India has sentenced to death the only surviving gunman from the 2008 attacks on the city of Mumbai.
Mohammed Ajmal Amir Kasab will be executed by hanging if the sentence, which was handed down on Thursday, is confirmed by a higher court.
The 22-year-old Pakistani national covered his face with hands and wept when the sentence was announced.
He was found guilty on 86 charges, including murder and waging war against India, on Monday.
At least 166 people were killed when armed men attacked three luxury hotels, a railway station, a popular tourist restaurant and a Jewish centre during a 60-hour rampage in November 2008.
Judge M L Tahaliyani said he had no doubts that execution was the right punishment for Kasab.
"He should be hanged by the neck until he is dead," he said.
"I don't find any case for a lesser punishment than death in the case of waging war against India, murder and terrorist acts."
India has blamed the violence on the Pakistan-based Lashkar-e-Taiba group and elements in the Pakistani military.
Tahaliyani rejected arguments by Kasab's defence lawyer that he had committed the crime under duress and pressure from the Lashkar-e-Taiba.
The judge said Kasab joined the group on his own and trained to be a fighter.
"Such a person can't be given an opportunity to reform himself," Tahaliyani said.
KP Pawar, Kasab's defence lawyer, had asked for the minimum punishment of life in prison for his client.
Al Jazeera's Prerna Suri, reporting from the court in Mumbai, said the sentence would bring some sense of closure to Indians affected by the attack.
"People are happy. Some people are quite excited, saying they might even celebrate on the roads soon enough," she said.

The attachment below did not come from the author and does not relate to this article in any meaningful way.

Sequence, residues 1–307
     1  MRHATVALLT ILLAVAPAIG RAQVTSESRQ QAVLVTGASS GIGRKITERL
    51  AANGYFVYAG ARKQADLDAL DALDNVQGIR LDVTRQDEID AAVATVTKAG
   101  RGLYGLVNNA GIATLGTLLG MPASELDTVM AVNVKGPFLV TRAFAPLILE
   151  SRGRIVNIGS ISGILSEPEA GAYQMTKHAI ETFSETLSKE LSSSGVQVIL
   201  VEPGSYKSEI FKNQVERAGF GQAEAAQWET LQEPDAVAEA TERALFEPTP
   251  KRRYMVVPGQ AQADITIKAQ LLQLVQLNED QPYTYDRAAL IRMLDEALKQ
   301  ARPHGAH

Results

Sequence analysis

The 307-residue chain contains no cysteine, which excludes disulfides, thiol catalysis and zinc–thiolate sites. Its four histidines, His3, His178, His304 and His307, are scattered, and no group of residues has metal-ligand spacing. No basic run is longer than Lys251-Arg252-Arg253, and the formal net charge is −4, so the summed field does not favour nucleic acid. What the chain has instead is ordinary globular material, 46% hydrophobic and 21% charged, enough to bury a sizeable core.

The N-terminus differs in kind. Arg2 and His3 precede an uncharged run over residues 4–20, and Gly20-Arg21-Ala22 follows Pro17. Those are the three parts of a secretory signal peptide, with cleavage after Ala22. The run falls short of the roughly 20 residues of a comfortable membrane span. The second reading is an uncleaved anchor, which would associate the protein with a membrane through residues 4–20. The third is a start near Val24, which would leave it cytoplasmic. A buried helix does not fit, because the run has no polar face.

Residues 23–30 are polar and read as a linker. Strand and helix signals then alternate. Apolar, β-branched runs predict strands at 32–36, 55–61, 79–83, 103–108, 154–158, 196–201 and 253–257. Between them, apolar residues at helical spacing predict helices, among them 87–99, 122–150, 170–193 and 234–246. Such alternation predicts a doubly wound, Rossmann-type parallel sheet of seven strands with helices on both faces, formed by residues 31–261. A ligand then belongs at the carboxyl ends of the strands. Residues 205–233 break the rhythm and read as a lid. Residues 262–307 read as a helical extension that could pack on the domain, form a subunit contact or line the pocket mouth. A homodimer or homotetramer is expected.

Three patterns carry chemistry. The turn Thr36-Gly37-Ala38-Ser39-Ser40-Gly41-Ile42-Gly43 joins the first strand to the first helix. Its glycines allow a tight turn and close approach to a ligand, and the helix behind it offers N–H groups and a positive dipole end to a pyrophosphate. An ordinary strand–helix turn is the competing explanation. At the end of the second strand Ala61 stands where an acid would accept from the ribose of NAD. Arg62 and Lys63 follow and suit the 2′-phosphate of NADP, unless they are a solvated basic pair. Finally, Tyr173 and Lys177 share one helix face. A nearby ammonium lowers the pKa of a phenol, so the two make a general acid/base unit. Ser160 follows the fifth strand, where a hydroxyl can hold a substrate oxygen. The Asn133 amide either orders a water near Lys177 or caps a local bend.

But she also noted that many people saw Kasab as simply a "footsoldier".
"The real perpetrators that India has singled out, based on Kasab's confession, is Lashkar-e-Taiba, the extremist anti-India group.
"What people here are saying is that it's not enough to hang Kasab. [They also want to see] the masterminds behind these attacks tried."
Outside the court Ujjwal Nikam, the public prosecutor, brandished a poster showing Kasab behind a noose and flashed victory signs to reporters.
"Today's sentencing sends the message that keeping Kasab alive would be a crime in itself," Nikam said.
"Terrorism and terrorists like Kasab cannot be tolerated. The death penalty is the only option."
Hamid Khan, who was severely injured when a taxi he and his mother were standing near was blown apart by a bomb planted in it by the attackers, said Kasab deserved to be executed.
|Some Indians were celebrating Kasab's death sentence on Thursday [AFP]
"His hands and legs should be cut and he should be left to suffer. My mother and I have been handicapped and we have suffered so much because of him," he said.
'[His punishment] will send a message to Pakistan or any other country," he said.
Deven Bharti, a senior police official involved with the investigation into the attacks, said: "We're all very satisfied. I hope it will be a deterrent for Pakistan so they will stop exporting terrorists across the border."
Kasab can appeal against the judgement in superior courts before moving a mercy petition to the president, a process that can take years.
The special prosecutor in the trial said on Wednesday that he expected it would take at least a year for Kasab to be executed.
Only one person has been executed in India since 1998 - a man convicted of raping and murdering a 14-year-old girl.
Many convicts simply wait in jail as their death sentence effectively becomes life in prison.
Those convicted over the 1991 assassination of Rajiv Gandhi, the former prime minister, and a 2001 attack on India's parliament, have yet to be executed.